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The *Man With the Golden GunThe *Spy Who Loved Me
MoonrakerFor Your Eyes Only
Description
James Bond 007 Soundtracks 9-12

The James Bond spy saga is one of the most successful and longest running film cycles. The story was originally conceived of by Ian Fleming (1909-1964). The character of James Bond first debuted in the 1952 novel "Casino Royale." The first movie was released in 1962. Over the course of the next 40 years and over 20 films, several composers have been responsible for creating the 007 spy soundtracks including John Barry, George Martin, Marvin Hamlisch, and Bill Conti. Each film soundtrack (except the first) contains a theme song sung by a pop star popular at the time of the film's release. Movies 9-12 in the series are "The Man With the Golden Gun" (1974, theme song performed by Lulu), "The Spy Who Loved Me" (1977, theme song performed by Carly Simon), "Moonraker" (1979, theme song performed by Shirley Bassey), and "For Your Eyes Only" (1981, theme song performed by Sheena Easton).

Mainstream Soundtracks
Mega, pop-culture movie soundtracks both mirror and influence the zeitgeist of the day. The most successful of the soundtracks go beyond just incidental music and include music key to the films' plots.

Cult Soundtracks
Skewed from the mainstream soundtrack blockbusters, cult soundtracks boast a stubbornly loyal and decidely non-mainstream following. Who can forget one's first midnight showing of the Rocky Horror Picture Show?

Movie Soundtracks with Religious Themes
Examples of soundtracks with a religious theme include "Godspell", "Jesus Christ Superstar", "Joseph and the Technicolor Dreamcoat", and "The Last Temptation of Christ".

Spinal Tap
The 1984 mock, rock documentary written by Rob Reiner chronicles the adventures of the British heavy metal band, Spinal Tap, in the midst of their first American tour. The irony of the soundtrack and songs such as "Big Bottom" and "Stonehenge" is that they work better than the songs they parody. In 1990, a studio-only album with the same cast of characters assembled for "Break Like the Wind" to give fans another foul whiff of music.

A Folk-Pop Mocumentary
From the writers behind "Spinal Tap," "Waiting for Gufman" and "Best of Show" comes "A Mighty Wind" - a movie spoof of early '60s folk singers. The film revolves around a reunion of three fictitious folk acts from the '60s. The highly polished acts in the movie are the Folksman, Mitch & Mickey, and the New Main Street Singers. The fictitious groups call to mind real groups of the time such as The New Christy Minstrels, The Kingston Trio and Peter, Paul and Mary among others.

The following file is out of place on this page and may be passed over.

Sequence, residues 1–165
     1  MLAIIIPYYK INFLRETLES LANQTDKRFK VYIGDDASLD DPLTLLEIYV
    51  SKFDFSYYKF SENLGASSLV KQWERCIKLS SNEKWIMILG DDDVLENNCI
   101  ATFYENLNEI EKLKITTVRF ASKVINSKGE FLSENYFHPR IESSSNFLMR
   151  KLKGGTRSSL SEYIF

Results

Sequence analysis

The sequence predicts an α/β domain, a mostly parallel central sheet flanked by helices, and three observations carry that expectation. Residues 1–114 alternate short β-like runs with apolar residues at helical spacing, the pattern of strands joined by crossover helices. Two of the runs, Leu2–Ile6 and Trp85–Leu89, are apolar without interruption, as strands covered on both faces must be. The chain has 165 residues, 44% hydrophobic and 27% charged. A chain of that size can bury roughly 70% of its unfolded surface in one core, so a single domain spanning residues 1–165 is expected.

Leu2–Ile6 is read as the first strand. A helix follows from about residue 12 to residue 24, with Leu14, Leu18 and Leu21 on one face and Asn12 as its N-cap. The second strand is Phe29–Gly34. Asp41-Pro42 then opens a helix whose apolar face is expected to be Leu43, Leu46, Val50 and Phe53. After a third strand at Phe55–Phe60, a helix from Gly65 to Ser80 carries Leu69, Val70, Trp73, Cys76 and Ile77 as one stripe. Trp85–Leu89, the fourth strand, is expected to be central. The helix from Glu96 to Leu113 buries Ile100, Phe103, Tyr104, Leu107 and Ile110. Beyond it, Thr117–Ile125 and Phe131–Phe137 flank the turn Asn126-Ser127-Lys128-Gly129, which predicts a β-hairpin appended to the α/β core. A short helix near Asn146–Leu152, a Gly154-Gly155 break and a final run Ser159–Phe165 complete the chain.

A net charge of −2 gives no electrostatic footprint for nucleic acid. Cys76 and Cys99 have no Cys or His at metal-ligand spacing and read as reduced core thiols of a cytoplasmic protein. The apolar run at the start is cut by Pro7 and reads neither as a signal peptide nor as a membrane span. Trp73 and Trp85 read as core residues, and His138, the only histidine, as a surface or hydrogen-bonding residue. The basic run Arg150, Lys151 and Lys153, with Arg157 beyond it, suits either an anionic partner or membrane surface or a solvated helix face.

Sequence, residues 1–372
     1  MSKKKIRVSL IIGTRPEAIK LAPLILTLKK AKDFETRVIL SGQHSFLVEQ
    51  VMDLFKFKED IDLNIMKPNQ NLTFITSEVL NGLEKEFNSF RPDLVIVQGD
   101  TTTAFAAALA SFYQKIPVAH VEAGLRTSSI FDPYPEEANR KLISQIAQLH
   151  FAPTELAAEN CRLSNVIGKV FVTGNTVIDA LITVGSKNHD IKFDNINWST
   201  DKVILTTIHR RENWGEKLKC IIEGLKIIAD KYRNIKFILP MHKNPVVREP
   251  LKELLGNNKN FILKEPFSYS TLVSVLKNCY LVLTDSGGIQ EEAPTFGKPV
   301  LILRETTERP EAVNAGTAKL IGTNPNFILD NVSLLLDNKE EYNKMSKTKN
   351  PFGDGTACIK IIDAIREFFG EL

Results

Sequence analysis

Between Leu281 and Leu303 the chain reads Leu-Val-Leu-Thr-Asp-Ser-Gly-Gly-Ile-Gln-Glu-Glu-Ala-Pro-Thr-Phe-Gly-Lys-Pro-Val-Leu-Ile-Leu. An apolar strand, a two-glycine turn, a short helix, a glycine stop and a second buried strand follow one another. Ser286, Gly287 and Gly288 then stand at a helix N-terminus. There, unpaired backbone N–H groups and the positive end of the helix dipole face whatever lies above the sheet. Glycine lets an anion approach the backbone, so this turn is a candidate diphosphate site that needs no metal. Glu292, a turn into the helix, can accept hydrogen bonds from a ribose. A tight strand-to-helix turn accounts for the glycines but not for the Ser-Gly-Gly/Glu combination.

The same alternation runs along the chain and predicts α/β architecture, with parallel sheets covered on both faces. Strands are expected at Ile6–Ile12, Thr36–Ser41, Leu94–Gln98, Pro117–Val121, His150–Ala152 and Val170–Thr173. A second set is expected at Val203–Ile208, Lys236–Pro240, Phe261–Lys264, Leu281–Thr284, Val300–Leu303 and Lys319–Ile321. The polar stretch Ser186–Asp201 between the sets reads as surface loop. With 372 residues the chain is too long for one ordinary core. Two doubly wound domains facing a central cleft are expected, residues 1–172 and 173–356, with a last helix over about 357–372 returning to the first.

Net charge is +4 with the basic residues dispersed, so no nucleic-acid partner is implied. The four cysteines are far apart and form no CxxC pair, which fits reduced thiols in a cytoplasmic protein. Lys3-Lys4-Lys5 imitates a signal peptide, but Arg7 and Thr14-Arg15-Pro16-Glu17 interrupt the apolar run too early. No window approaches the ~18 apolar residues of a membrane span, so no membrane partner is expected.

1970s Disaster Movies
The 1970s kicked off with the granddaddy of all disaster films, 1970's "Airport." It was followed by 1972's ocean disaster, "The Poseidon Adventure" and 1974's high rise disaster "The Towering Inferno." For both of the latter movies, Maureen McGovern was tapped to sing the theme songs, "Morning After" and "We May Never Love Like This Again," respectively, which won Oscars. McGovern also preformed "Can You Read My Mind?": the love theme from Superman.

Dancer in the Dark
A Cannes Film Festival favorite in 2000, "Dancer in the Dark" starred Bjork as Selma, a factory worker on the verge of going blind. She escapes her depressing everyday existence through elaborate musical dreams. "Selmasongs" contains music from the motion picture and includes the duet "I've Seen It All" with Radiohead’s lead singer Thom Yorke.

Ian Fleming's Chitty Chitty Bang Bang
The British novelist Ian Fleming (1909-1964) is well known for his James Bond series written in the '50s and '60s and made into the popular spy films. Fleming also wrote "Chitty Chitty Bang Bang: The Magical Car" in 1964. The Walt Disney adaptation of the movie in 1968 is a one of the most requested titles in the MGM catalog.

Virgin Suicides, The
The dark fairy tale film of suburban teenhood, "The Virigin Suicides" is based on Jeffrey Eugenide's 1993 novel. The story centers on the mysterious and tragic world of the five Lisbon sisters. The soundtrack featured rock music mostly of the '70s. The French duo, Air, released a soundtrack to the film as well with their trademark laid-back and atmospheric sound.

Janis Joplin and the Rose
Bette Midler's star feature, 1979's "The Rose" was loosely based on the life of Janis Joplin, a powerful rock and blues singer of the late '60s. Joplin died of a heroin overdose in 1970. In the movie "The Rose," Midler stars as Rose, a singer self-destructing under the pressures of her hectic music lifestyle and indulging in drugs and alcohol to escape. The film includes the self-titled track that went on to become a huge hit in 1980.

Movies Based on Women Musicians